Posted by Amy Johnson Crow on January 14, 2016 in Collections, Research

If you’ve searched in the probate collections and skipped over a result for a guardianship because you know one of the parents was still alive, you should go back and look at that record. Guardianship is an often-misunderstood concept in probate.

What Guardianship Is and Is Not

Guardianship is when the court appoints someone to represent the legal interests of a child or an adult who has been deemed incapable of representing themselves.

Guardianship is NOT custody. While it is possible that a guardian took custody of his or her ward, that was not the purpose of the guardianship. The purpose was that the child (or incompetent adult) had a legal interest in something and the court named someone to look after those interests.

A Parent Could Still Be Living

Many people skip guardianship records because one of the parents was still living at the time. A child did not need to be an orphan to need a guardian. All that was needed was that they had a legal interest that needed protecting.

It isn’t uncommon to find children with guardians even with the mother was still living. Depending upon the time and place, a woman didn’t have the legal standing herself to represent even her own children. In addition, a woman might have declined being named guardian either because of the norms of her community or because she didn’t have the time and resources to carry out the legal duties.

Using Guardianship Records

Guardianship records, at a minimum, include the name of the guardian and the ward (the child or incompetent adult). It is common to find:

  • Relationship to the deceased (if the guardianship is part of an estate)
  • Date the guardianship ended, which can signify either the settlement of the legal interests or the child reaching age of majority
  • References to related court records
  • Names of people providing surety or bond; these people might be related

The records themselves are found in any number of places, depending upon the court. For example, they could be in a separate guardianship docket, contained in the estate papers, or listed in the “complete record.”

Below is the guardianship record for Charlotte Dolke in Defiance County, Ohio, 28 June 1862:

Guardianship of Charlotte Dolke
From Ohio, Wills and Probate Records, 1786-1998. Defiance County: Administrators, Guardians, Executors Bonds and Letters, 1860-1905. (Click to enlarge.)

From this we find some valuable information, along with some avenues of research to explore:

  • Michael Schultz was appointed guardian “of Charlotte Dolke, minor child of Julius Dolke deceased, late of Defiance County.” (Note that is says “child of” and not just “heir of.” This proves the relationship. This record is especially valuable considering that Ohio didn’t keep civil birth records during this time period.)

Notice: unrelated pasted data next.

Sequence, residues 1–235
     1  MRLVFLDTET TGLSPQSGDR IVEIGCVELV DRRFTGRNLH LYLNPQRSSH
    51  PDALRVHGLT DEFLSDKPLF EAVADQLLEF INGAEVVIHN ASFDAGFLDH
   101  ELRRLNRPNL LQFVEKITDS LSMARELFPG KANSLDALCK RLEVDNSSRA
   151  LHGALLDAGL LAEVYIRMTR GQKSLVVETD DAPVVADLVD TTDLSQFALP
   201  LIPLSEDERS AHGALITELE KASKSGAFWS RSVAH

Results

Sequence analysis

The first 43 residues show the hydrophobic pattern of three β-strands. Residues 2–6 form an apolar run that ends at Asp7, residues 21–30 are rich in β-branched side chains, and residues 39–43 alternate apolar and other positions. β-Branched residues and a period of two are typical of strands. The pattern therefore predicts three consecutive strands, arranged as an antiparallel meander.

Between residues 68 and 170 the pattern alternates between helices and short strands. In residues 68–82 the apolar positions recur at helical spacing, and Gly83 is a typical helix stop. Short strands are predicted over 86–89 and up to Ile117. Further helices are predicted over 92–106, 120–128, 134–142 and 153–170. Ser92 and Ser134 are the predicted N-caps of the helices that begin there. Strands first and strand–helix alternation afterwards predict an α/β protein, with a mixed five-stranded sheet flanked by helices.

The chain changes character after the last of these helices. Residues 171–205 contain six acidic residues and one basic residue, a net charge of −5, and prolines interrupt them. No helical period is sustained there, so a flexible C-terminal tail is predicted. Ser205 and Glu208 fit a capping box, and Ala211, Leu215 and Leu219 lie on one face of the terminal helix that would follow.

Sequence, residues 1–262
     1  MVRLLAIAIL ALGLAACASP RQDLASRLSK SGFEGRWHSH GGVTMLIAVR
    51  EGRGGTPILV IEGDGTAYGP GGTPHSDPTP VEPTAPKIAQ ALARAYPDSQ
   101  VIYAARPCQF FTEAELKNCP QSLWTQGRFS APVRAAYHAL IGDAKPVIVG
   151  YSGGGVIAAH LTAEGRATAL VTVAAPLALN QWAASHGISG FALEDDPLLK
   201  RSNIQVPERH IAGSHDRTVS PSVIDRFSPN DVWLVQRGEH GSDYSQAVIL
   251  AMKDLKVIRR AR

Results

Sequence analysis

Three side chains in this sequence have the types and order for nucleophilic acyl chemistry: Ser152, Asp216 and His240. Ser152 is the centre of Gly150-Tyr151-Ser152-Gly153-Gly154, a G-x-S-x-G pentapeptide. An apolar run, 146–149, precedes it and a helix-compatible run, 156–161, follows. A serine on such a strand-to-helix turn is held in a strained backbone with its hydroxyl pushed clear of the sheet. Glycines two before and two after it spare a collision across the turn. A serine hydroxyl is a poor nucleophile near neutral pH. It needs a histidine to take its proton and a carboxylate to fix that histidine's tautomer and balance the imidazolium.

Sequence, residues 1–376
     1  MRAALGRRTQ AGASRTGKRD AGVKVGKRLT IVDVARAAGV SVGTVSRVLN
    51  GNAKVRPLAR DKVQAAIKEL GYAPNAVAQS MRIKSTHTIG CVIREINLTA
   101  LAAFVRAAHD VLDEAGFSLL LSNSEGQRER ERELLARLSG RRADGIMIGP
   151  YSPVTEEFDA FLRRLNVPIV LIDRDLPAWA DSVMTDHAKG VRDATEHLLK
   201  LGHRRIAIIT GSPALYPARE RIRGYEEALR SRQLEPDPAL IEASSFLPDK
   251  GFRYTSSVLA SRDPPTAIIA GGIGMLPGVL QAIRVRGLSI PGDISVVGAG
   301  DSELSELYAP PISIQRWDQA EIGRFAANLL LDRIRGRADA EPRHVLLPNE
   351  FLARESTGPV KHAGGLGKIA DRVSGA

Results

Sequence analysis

• Michael Schultz is the guardian. Is he related to Charlotte Dolke? The same can be asked about Ludwig Spengler and Gustav Kreiderweis, who along with Schultz, provided the bond.
  • The guardianship is made 28 June 1862; Julius Dolke is listed as “deceased,” which gives us one date to frame when he died.
  • Should look for Julius’s estate and land records.

When you find the guardianship for one child, be sure to look for others. In this case, in addition to Charlotte, there is a guardianship for Julius Dolke, “minor child of Julius Dolke deceased, late of Defiance County.” Michael Schultz was also his guardian. (If someone else had been young Julius’s guardian, we would ask again if that person was somehow related to the family.)

Conclusion

When you’re looking in probate, don’t discount a guardianship just because you know one of the parents was still living at the time. Those guardianship records can have wonderful information about relationships and leads for further research.

Amy Johnson Crow

Amy Johnson Crow is a Certified Genealogist and an active lecturer and author. Her roots run deep in the Midwest and Mid-Atlantic states. She earned her Masters degree in Library and Information Science at Kent State University. Amy loves to help people discover the joys of learning about their ancestors and she thinks that there are few things better than a day in a cemetery. You can find her on Facebook, Twitter, and Amy Johnson Crow.

10 Comments

  1. Debra

    Thank you for this information. It is so helpful to see how you put things together. I am rather new to searching so it was of great help to me.

  2. Mary

    Have been working my way thru reams of chancery records, and guardianship abounds in these records at times. Thank you for putting it out there; sometimes I couldn’t really see why there was a guardianship to begin with, and now I am in the know.

  3. I’d love a feature where the line connecting a parent-child varies based on the relationship (e.g. a dotted line for a guardian relationship, a thin line for adoption, thick for genetic, etc.). When I’m trying to tease out the relationship between a guardian and his ward, I’ll often use the “guardian” relationship, but I find that people copying my tree get confused, and think the ward is a biological child. And, well, I forget what I did sometimes, too.

  4. Karrisa

    I recently found such a wealth of information in the guardianship file for my great-great-grandmother and her twin sister. Through the inventories and other documents submitted to the court I was able to determine that they purchased a piano and took music lessons, that they likely had their portrait made during that time based on a bill paid to a photographer (still trying to track down that photo), and that they attended a tuition-based school and planned to become teachers. Plus, I discovered that their father had remarried shortly before his death.

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